Losing Your Audience
I enjoy reading nonfiction and watching documentaries. But there are some books and videos I will avoid watching or stop watching, they are too upsetting to me. It won’t matter how important someone tells me the information I’d be gaining is or how artfully it is presented. There are award-winning films I have not watched because I know how they end; me feeling bad. Berate me all you like for sticking my head in the sand when I choose Glee over Blackfish, I’m still not watching it (read Death At SeaWorld, I get the picture).
When we lose our audience we effectively end the conversation. I’m not suggesting that people stop writing well-researched works of nonfiction or producing documentaries featuring behind-the-scenes information most of us are unaware of. I just can’t promise that I’ll want to read or see it.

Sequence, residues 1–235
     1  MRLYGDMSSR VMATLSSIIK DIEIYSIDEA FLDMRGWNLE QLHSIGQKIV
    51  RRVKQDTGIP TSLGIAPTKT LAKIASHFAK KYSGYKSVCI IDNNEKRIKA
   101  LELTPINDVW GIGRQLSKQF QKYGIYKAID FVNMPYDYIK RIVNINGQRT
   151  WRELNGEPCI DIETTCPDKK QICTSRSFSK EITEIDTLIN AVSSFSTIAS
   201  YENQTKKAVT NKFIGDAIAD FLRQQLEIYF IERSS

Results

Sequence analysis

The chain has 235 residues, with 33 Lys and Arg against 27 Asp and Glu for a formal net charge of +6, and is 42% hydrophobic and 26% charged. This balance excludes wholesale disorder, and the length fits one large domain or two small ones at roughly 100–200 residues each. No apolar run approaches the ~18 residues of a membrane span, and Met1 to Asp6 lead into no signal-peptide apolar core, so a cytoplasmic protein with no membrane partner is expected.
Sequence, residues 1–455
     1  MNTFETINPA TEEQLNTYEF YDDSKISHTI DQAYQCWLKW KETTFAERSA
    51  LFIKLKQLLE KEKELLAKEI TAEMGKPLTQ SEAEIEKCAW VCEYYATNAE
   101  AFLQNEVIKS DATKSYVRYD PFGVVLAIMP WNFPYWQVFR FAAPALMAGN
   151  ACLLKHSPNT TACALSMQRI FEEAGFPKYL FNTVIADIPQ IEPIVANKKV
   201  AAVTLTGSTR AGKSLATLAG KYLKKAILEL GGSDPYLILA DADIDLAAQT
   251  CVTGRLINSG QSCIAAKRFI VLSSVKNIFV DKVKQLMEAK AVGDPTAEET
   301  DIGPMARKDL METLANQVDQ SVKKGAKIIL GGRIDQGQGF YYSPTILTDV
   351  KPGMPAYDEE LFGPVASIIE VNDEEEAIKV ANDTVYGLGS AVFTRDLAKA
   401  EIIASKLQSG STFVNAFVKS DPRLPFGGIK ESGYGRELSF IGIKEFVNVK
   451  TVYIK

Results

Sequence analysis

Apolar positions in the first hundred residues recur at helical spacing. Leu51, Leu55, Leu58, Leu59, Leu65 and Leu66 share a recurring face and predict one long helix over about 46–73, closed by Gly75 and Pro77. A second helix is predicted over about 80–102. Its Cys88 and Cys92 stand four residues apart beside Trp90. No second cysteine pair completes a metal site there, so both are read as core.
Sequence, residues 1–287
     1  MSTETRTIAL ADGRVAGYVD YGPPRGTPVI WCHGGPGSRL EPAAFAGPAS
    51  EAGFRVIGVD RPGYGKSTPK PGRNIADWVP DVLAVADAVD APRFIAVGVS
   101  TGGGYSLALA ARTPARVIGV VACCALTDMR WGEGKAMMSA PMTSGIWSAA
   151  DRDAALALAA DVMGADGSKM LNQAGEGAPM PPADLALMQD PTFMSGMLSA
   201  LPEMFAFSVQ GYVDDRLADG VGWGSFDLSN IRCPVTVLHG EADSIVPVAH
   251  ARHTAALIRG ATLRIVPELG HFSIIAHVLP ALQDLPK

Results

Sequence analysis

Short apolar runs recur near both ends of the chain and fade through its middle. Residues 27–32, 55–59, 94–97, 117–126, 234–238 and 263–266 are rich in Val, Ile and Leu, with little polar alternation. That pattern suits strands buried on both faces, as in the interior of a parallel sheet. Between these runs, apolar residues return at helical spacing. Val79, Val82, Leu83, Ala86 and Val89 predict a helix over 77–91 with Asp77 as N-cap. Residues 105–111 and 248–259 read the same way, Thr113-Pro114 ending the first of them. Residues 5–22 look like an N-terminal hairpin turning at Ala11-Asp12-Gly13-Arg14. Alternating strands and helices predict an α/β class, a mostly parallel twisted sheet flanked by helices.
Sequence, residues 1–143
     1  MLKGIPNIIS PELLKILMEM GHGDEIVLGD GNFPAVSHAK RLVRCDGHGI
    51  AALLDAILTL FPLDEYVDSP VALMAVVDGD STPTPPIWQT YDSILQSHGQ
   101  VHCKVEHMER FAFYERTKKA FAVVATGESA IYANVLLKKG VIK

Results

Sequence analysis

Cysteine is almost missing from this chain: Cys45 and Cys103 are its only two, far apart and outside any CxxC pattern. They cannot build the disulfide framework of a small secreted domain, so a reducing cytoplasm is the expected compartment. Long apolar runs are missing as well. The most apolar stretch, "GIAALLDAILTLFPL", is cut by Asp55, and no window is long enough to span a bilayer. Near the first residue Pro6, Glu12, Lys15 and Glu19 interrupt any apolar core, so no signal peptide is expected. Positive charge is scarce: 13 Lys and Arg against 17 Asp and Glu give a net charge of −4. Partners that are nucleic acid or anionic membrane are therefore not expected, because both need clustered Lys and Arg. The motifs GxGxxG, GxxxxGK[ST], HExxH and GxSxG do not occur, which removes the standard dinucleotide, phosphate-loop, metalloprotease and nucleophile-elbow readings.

If I am trying to teach a dog to do something I always consider whether or not they are willing to remain engaged in the conversation. They respond to my behavior with their behavior. For the most part dogs are pretty easy to wow with my conversational prowess, especially when the conversation includes food and play. When I do lose them it’s often because I’ve bored them or have made it an unpleasant enough exchange that they choose to opt out.
Good performers play to their audience and fearful dogs can be a tough one.